58. Deputy Paul Murphy asked the Taoiseach and Minister for Defence his views on the establishment of a joint EU military headquarters; his further views on the increased militarisation of the European Union; and if he will make a statement on the matter. (Question 39832/16 asked on 13 Dec 2016)
Minister of State at the Department of Defence (Deputy Paul Kehoe): The proposal being advanced is not of an EU joint military headquarters but rather the development of a joint civil/military operational headquarters, which can support the effective planning and operations of CSDP operations. As I previously advised the House, there have been proposals around for some time, that the EU should establish a joint operational headquarters to support the planning and conduct of its civil and military operations. A permanent joint civil-military operational headquarters, appropriately configured, could potentially deliver more effective and responsive CSDP operations in support of the UN and international peace and security, a position which Ireland supports.
This is a matter which EU Member States, including Ireland, will consider in the context of the Council Conclusions of 14 November on implementing the EU Global Strategy on Foreign and Security Policy. Ireland will participate fully in that process and in the ongoing development of the EU Common Security and Defence Policy (CSDP) in support of the UN and international peacekeeping and crisis management.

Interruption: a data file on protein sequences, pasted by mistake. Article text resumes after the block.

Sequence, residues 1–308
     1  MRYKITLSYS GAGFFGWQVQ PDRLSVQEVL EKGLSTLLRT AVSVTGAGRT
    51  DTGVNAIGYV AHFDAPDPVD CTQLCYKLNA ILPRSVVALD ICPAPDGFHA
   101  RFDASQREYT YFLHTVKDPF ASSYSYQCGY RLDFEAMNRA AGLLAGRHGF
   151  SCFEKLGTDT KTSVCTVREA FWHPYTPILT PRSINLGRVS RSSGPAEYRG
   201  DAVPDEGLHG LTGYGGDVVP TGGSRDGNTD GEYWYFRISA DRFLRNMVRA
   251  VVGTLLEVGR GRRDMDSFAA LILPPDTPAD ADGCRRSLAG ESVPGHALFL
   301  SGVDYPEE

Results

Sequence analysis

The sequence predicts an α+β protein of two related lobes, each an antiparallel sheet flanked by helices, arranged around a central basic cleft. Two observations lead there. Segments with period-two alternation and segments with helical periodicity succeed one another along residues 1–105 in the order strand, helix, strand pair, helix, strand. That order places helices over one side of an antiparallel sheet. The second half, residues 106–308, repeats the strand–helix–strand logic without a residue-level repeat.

Current proposals are designed to improve the effectiveness of operational planning and conduct capacity within the EU for both civil and military operations under CSDP. I do not believe that that represents an increase in or a move towards militarisation of the EU. The Lisbon Treaty provides that the Common Security and Defence Policy “shall provide the Union with an operational capacity drawing on assets civil and military. The Union may use them on missions outside the Union for peace-keeping, conflict prevention and strengthening international security in accordance with the principles of the United Nations Charter. The performance of these tasks shall be undertaken using the capabilities provided by the Member States”.
I am satisfied that the issue of having an effective joint planning and operational capacity to support CSDP civil and military operations is one which is reasonable to consider in this regard, particularly having regard to the EU’s comprehensive approach to international crises.